History Lesson

The President, the War, and the Military Base

A compelling, new, and entirely mistaken comparison between George W. Bush and Lyndon Johnson.

A prisoner of his own device?

A well-known psychology test demonstrates that when we hear a list of words associated with a concept like sleep— bed, pillow, night, rest—we recall the word sleep even if that word isn’t on the list.

That may explain why many journalists—myself included—thought we saw a link between President Bush’s recent Iraq speeches to armed forces audiences and an earlier president struggling with an unpopular war. When Bush spoke at the U.S. Naval Academy, at an Army depot in Pennsylvania, and at an Air Force base in Alaska, wasn’t he doing exactly what President Lyndon Johnson did when the Vietnam War was at its peak? Didn’t LBJ try to rally the country while standing in front of reliably supportive men and women in uniform?

That was the assumption in much of the analysis. The New Yorker’s Seymour Hersh, noting Bush’s fondness for military audiences, wrote that “four decades ago, President Lyndon Johnson, who was also confronted with an increasingly unpopular war, was limited to similar public forums.” The Seattle Post-Intelligencer’sJoel Connelly wrote that, as with LBJ during Vietnam, “uniformed personnel are used for props for speeches.” Blogger Joe Gandelman, of Themoderatevoice.com, wrote that Bush’s appearances “are starting to seem a bit reminiscent of Lyndon B. Johnson at the height of the Vietnam War, who made many key speeches at military installations, partly out of fears that he’d be met with screeching anti-war demonstrators.” This was the same memory I had of the second half of LBJ’s presidency.

But that’s not the way it was, according to Randall Woods, University of Arkansas history professor and author of the forthcoming LBJ: Architect of American Ambition. With one exception, Woods says, Johnson did not go to military bases to rally public opinion or tout his war policy.

“When he went to bases,” Woods says, “it was to talk to troops informally … he didn’t stage media events there.” The exception, he notes, was a visit to Cam Rahn Bay in South Vietnam in October 1966. The major speeches Johnson made in defense of his Vietnam policy were all at nonmilitary venues: the TV statement on the Gulf of Tonkin incident in August of 1964, a speech at John Hopkins University in April of 1965, his “escalation” press conference in July of that year, and a September 1967 speech at the Texas National Legislative Conference in San Antonio. He also defended his policies in detail in his State of the Union messages.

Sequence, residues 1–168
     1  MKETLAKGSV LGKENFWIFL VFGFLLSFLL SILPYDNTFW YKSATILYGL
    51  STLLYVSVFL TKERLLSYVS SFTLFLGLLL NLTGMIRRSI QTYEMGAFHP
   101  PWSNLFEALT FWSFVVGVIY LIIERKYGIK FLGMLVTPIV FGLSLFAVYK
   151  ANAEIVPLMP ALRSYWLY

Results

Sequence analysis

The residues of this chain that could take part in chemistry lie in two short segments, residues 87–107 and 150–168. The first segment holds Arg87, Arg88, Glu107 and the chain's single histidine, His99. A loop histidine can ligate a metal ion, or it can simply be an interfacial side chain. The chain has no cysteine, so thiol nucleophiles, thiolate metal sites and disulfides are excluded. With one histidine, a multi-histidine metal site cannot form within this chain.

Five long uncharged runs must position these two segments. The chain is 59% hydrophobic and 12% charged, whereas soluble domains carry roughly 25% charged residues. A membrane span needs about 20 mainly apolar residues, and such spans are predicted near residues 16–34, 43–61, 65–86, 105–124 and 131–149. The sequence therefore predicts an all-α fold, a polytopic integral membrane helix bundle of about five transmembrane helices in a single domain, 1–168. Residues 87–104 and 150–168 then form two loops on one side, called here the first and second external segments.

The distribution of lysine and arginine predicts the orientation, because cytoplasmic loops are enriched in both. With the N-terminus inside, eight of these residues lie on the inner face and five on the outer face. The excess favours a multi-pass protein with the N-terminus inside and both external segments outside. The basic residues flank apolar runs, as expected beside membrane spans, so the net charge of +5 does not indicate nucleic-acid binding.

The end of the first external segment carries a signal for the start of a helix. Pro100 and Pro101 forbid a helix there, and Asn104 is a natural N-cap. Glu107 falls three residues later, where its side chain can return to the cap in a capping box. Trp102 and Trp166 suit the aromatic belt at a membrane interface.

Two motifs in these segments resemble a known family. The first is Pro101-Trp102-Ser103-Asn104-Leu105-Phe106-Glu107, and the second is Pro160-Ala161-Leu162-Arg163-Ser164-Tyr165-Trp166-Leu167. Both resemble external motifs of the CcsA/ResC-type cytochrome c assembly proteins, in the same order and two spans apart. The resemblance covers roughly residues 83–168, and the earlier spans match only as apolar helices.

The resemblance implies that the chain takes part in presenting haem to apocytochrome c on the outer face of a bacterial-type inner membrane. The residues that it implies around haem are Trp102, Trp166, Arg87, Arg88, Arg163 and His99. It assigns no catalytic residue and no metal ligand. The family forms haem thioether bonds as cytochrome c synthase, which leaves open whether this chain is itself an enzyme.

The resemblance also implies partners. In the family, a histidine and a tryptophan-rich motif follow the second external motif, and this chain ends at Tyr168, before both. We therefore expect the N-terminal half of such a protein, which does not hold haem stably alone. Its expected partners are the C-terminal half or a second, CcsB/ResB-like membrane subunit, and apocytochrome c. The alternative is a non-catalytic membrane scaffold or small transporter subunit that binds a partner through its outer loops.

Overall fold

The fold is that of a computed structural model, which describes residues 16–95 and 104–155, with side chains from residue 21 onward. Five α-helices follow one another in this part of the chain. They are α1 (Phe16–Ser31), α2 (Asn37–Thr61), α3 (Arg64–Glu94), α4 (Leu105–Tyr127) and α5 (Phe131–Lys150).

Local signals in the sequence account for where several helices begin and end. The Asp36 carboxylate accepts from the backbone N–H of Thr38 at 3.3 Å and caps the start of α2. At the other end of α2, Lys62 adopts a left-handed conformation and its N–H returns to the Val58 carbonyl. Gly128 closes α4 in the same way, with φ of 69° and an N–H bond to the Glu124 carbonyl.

In fact, it would have been politically dicey for Johnson to give speeches in front of the troops.

“He didn’t regard military bases as congenial venues,” professor Woods says. “Remember, he was getting a lot of criticism from the right for not going all out.” Throughout the war, Johnson would personally approve or veto bombing targets and rejected ideas such as invading North Vietnam. Moreover, the press and public tolerance for public relations was less developed back then: The political press did not yet engage in drama criticism, judging a politician’s public appeal by the stagecraft or the setting rather than the message. The idea of a president standing in front of troops backdropped by slogans and banners was not yet even a gleam in young Karl Rove’s eye.

“I ain’t no Johnson. For one thing, I’ve got banners.”

So, where did the notion of a Bush-LBJ historical parallel come from? Woods has a hunch that “those who want to criticize Bush would like to draw on a nightmare legacy of Vietnam.” But there’s another explanation. There is an analogy, just not the military one. Both presidents were imprisoned by their war. Just as President Bush tends to appear before carefully selected, friendly audiences, so, too, did a beleaguered President Johnson duck the public at large.

“He had a fear of anti-war protestors,” Woods says. “Not a personal fear, but a fear of being humiliated. He didn’t go to a lot of public venues.”

So, combine the memory of Lyndon Johnson as a “prisoner” in the White House, retreating from the public square, with the memory of Johnson visiting informally with troops, and what do you get? A vivid, almost wholly inaccurate “memory” of a Lyndon Johnson vainly trying to rally the public behind his policies at friendly military installations.